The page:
As I was reading some of the bitter disputes that arose among some devout religious people about the formulation of the Nicene Creed, it occurred to me that some of the disputes in our time are about as unnecessary. There was such a furor over whether the term "homoousios" or the term "homoiousios" or either was appropriate to use with reference to the nature of the relationship of Jesus to the Father that armed conflict seemed probable. It may make a great deal of difference what the nature of that relationship was, but it may not make any practical difference in our lives if we do not understand the exact nature of that relationship, or what word that men use best describes it.

Let me illustrate the importance of that statement before we proceed. A person may not know whether it is the vitamins, minerals or something else in his food that helps his bones grow strong. Their functions and the similarities and differences between them may be important, but we do not have to know about all the scientific, nutritional or linguistic differences in them in order to benefit from them, function or survive. It is possible that a greater knowledge would be very beneficial in many cases, but it is also possible that we could get so concerned with analyzing the values of minerals and vitamins that we would neglect to eat.

To grasp the significance of the controversy and to apply any lessons we may learn to our own situation, we need to understand some of the historical context, as well as the meaning of the words used. It will help some to be aware that the church leaders of that time were wanting to establish the idea that the church, with its traditions and assumptions, was the sole authority in religious matters, and that the simple statements of the Bible were not sufficient.

Second, there were all sorts of false teachers whose doctrines needed to be refuted. However, there was a tendency, then as now, to think of any different view than that held by the leading bishops as heresy, when in some cases it was merely an emphasis on another aspect of truth.

Third, there was a tendency, then as now, to use the theological definitions or man-made expressions to try to define a Bible word or thought, then assume that the man-made definition was identical with or exhausted the meaning of the Biblical terms. To overcome that fault, we need to try, insofar as possible, to define Bible terms by Bible usage and not assume that the meaning we attach to a term is the only correct usage and all who disagree are false teachers or heretics.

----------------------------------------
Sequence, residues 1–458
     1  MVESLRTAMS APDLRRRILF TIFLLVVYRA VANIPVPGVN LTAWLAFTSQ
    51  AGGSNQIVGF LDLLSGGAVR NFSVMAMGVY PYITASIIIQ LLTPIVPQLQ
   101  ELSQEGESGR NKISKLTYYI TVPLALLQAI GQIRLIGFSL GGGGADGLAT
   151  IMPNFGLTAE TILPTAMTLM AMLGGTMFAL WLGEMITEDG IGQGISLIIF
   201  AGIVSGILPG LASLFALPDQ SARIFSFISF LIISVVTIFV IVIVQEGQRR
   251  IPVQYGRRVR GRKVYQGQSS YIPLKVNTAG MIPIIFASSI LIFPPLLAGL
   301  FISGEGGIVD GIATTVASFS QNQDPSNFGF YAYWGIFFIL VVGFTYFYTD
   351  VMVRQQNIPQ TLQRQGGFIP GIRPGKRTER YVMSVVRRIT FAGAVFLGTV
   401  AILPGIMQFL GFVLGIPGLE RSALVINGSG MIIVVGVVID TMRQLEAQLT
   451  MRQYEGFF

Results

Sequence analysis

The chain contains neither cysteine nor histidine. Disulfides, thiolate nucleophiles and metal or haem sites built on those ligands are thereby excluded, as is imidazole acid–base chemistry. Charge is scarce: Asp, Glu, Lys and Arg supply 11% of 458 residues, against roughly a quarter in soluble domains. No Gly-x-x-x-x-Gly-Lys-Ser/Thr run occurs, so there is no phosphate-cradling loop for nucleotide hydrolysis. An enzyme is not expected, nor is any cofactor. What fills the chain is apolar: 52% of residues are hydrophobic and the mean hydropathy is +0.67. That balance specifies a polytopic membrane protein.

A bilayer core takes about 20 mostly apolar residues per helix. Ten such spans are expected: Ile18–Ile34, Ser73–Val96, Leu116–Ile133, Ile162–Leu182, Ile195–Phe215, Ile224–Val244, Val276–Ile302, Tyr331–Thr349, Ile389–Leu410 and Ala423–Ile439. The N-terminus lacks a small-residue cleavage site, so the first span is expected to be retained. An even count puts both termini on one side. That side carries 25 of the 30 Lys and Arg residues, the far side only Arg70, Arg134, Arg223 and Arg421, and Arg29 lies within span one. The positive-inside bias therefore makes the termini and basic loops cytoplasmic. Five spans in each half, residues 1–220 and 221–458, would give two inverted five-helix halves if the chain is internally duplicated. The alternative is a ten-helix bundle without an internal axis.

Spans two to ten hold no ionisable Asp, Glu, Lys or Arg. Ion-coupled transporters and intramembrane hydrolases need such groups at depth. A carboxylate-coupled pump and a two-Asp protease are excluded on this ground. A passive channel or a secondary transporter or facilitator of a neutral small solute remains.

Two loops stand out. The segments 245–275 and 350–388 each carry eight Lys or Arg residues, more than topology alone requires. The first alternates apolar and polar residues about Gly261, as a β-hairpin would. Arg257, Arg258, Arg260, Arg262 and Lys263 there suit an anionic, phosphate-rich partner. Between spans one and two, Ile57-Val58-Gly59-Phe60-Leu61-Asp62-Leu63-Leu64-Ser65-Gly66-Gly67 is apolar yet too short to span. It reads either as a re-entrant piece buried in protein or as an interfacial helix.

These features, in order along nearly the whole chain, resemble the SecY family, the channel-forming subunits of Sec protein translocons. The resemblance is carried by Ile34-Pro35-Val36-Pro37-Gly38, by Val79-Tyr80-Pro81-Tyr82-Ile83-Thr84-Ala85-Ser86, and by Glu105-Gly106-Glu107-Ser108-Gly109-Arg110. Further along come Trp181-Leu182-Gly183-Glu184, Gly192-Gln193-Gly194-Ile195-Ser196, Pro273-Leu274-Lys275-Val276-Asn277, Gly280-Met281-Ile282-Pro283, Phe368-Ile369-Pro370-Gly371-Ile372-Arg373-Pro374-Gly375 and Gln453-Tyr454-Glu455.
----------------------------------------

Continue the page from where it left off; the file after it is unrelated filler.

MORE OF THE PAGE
Let us now illustrate the problem with the two words we have mentioned, and see if we can find some lessons in it for us. The word, "homoousios" comes from "homo" meaning "one" and "ousia" meaning "being." To most of the framers of the Nicene Creed it meant that Jesus was what they called "consubstantial" with the father, or of the same substance or essence. However, five of the bishops reasoned like this: Since the meaning of "consubstantial" is that which is from another either by partition, derivation or germination, and since the Son is not from the Father by any of those modes, the Creed is defective in the use of the term. That is, they did not think of Jesus as being a part of God, as if God was divided into smaller parts. Nor did they think of Jesus as being derived from God as if he did not exist until he was born of Mary. They did not think He was germinated, as a shoot comes from a root or seed, so they rejected the idea they thought was expressed by "homoousios."

So they discussed such questions as whether "ousias" (being of the essence or substance) meant that the Son is actually of the Father, but does not subsist as merely a part of His substance. Then, in the Creed when it says, "begotten not made" some felt they needed to determine whether "begotten" should apply to Christ from eternity, or whether "begotten" should only apply to Him after he was conceived in the womb of Mary. They discussed at length whether it was appropriate to speak of the Son as being "the same substance" with the Father, or whether "of like substance" would be better. The discussion went on and on about whether the term "homoousios" (consubstantial) properly belongs only to corporeal beings and the term "homoiousios" refers to incorporeal beings, such as God and angels and what difference this concept would have on understanding the nature of Christ. In some cases they calumniated each other and accused the other party of heresy even while demonstrating that they neither knew what the Bible reveals about the matter, nor what other theologians meant by the terms they used. How simple it would have been to just leave the matter where God left it with such expressions as "Being in the form of God, counted not being on an equality with God a thing to be grasped" (Phil. 2:6) and admit that they did not know what form God had, but that the Bible affirmed that the one who became Jesus was in that form. Since the Bible does not say anything about being "eternally begotten" and no one knew what it meant, they should have ceased discussing it.

T. Pierce Brown

Published in The Old Paths Archive